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Seeking Whom He May Devour - Fred Vargas

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      10.07.2006 16:46
      Very helpful



      Crime fiction with a twist

      In my quest to read more literature by international authors, I came across this book in the crime section of my local library. I was intrigued by the subject matter – the violent killing of sheep and people apparently wolves – more original than your usual work of crime fiction! I was suitably impressed once I’d started reading.

      The plot
      A small village in the French Alps is horrified to wake up morning after morning to find their ewes brutally murdered. But even worse is to come; one of the villagers, the kind-hearted Suzanne is found dead, apparently by the same jaws that had killed all the sheep. The news spreads across the country, even as far as Paris, where Commissaire Adamsberg watches with interest, particularly because he recognises one of the villagers, Camille.

      Suspicion falls on a local man called Massart, who appears to have no body hair, a characteristic of werewolves and who has conveniently gone missing. Convinced that he is to blame, Camille, Suzanne’s adopted son, Soliman and the local shepherd, Watchee decide to pursue him. Despite their best efforts, they seem doomed to failure. Camille, swallowing her pride, calls in Commissaire Adamsberg, her former lover, who conveniently needs to leave Paris to escape someone. With his help, can they find out the truth?

      The characters
      The three main characters, Soliman, Camille and Watchee, are an odd bunch. Soliman, the only black man in the vicinity, was abandoned in the church porch by his mother. Adopted by Suzanne, the only villager who could bear to pick him up, he grew up with French ways, yet was encouraged by Suzanne to find out as much as he could about his African heritage. This would have been a difficult character to portray if the author wasn’t so talented. Instead, he comes across as being a very vibrant character.

      Camille has escaped to the village from Paris with her Canadian boyfriend. She writes music for a career, but is a plumber as a sideline. She is a gentle, kindly girl, whose character is well developed through the book. It is clear that she has some issues in her past, which somehow involves Commissaire Adamsberg. This information is drip-fed to us as the story progresses and weaves in nicely with the build up of suspense about the murders.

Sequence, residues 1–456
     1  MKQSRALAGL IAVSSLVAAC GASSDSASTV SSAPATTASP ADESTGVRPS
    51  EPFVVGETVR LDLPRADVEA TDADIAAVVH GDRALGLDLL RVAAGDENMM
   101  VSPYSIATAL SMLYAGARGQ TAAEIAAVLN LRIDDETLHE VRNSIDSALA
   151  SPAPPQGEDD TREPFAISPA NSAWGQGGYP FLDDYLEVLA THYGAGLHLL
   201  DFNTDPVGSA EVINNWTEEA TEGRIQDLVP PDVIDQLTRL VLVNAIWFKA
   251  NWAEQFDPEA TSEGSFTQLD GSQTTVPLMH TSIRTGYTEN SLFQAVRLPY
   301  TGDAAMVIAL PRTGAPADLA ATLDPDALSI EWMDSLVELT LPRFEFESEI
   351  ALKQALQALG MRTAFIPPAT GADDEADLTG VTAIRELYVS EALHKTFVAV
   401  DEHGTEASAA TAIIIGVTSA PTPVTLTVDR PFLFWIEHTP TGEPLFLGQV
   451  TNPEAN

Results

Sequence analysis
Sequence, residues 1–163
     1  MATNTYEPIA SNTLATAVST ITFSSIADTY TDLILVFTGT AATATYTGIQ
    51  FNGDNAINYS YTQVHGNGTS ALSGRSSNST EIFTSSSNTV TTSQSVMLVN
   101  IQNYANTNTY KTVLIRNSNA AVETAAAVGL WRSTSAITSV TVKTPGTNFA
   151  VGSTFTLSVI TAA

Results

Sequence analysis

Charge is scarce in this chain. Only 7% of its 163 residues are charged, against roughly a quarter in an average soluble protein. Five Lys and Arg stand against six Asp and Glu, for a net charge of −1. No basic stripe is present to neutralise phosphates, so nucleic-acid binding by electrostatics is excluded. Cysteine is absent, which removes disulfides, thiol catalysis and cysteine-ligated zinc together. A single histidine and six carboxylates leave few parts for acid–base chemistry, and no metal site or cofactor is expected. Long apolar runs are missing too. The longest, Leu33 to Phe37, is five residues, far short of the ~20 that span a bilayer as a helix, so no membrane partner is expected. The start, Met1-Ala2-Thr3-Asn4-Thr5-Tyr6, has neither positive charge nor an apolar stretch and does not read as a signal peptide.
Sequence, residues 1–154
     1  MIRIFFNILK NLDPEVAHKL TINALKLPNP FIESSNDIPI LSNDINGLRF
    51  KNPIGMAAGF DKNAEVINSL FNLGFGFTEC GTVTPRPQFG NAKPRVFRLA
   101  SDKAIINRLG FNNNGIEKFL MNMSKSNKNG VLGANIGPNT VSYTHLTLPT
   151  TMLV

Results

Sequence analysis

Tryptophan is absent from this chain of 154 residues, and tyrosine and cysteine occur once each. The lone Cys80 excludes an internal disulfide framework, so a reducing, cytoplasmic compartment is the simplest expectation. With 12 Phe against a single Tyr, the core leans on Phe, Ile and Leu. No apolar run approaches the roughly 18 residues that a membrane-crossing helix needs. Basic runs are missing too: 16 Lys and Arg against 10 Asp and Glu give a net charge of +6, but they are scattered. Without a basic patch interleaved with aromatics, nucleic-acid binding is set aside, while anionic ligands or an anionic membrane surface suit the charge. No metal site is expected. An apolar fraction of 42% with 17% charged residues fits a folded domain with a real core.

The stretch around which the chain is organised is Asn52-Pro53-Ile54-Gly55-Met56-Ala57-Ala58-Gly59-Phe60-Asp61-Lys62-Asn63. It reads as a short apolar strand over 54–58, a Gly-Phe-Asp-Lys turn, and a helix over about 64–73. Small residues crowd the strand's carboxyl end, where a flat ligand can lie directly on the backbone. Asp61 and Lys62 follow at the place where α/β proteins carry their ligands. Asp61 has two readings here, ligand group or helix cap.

Watchee is a shepherd who spends little time with people and much prefers sheep, to the extent that he calls the head sheep in his flock on a daily basis. His reasons for wanting to catch up with Massart become obvious as the story progresses. Writing this makes me realise just how bizarre this must sound; strangely though, Vargas’ skill at writing makes this all seem completely acceptable.

      Commissaire Adamsberg is probably the most sensible character in the book. This is clearly part of a series in which Adamsberg features, although he is almost an afterthought in this book. His character doesn’t really develop all that much and we find out very little about him, apart from his past relationship with Camille. To be honest, he didn’t bowl me over as a character and I don’t think I will go out of my way to read any more in the series. This book stood out because of the other characters, not Commissaire Adamsberg.

      The author
      Fred Vargas, a woman not a man, was born in Paris. She was initially a historian and archaeologist by career, but has since become a best-selling novelist.

      I really enjoyed this book. The plot was really intriguing and the ending comes as quite a surprise. The suspense is well kept up throughout the book; I didn’t once become bored. I also thought the book was very well-written and translated. There were a few places when the translation felt a little wooden, almost as if somebody else had taken over the translation for a while, but on the whole, there wasn’t much wrong with it.

      There were places when the story was almost too clever to be true – the ending did involve an awful lot of coincidences and Adamsberg’s ability to work out what happened with very few clues was quite amazing. Vargas did manage to pull it off though by some extremely clever writing. I fell for it anyway.

      I’ve dropped a star for the coincidences, although cleverly covered up, and the few odd bits of a translation, but on the whole, I recommend this book for anyone who enjoys crime fiction with a twist.

      The book is available from Amazon for £5.59. Published by Vintage, it has 272 pages. ISBN: 0099461560


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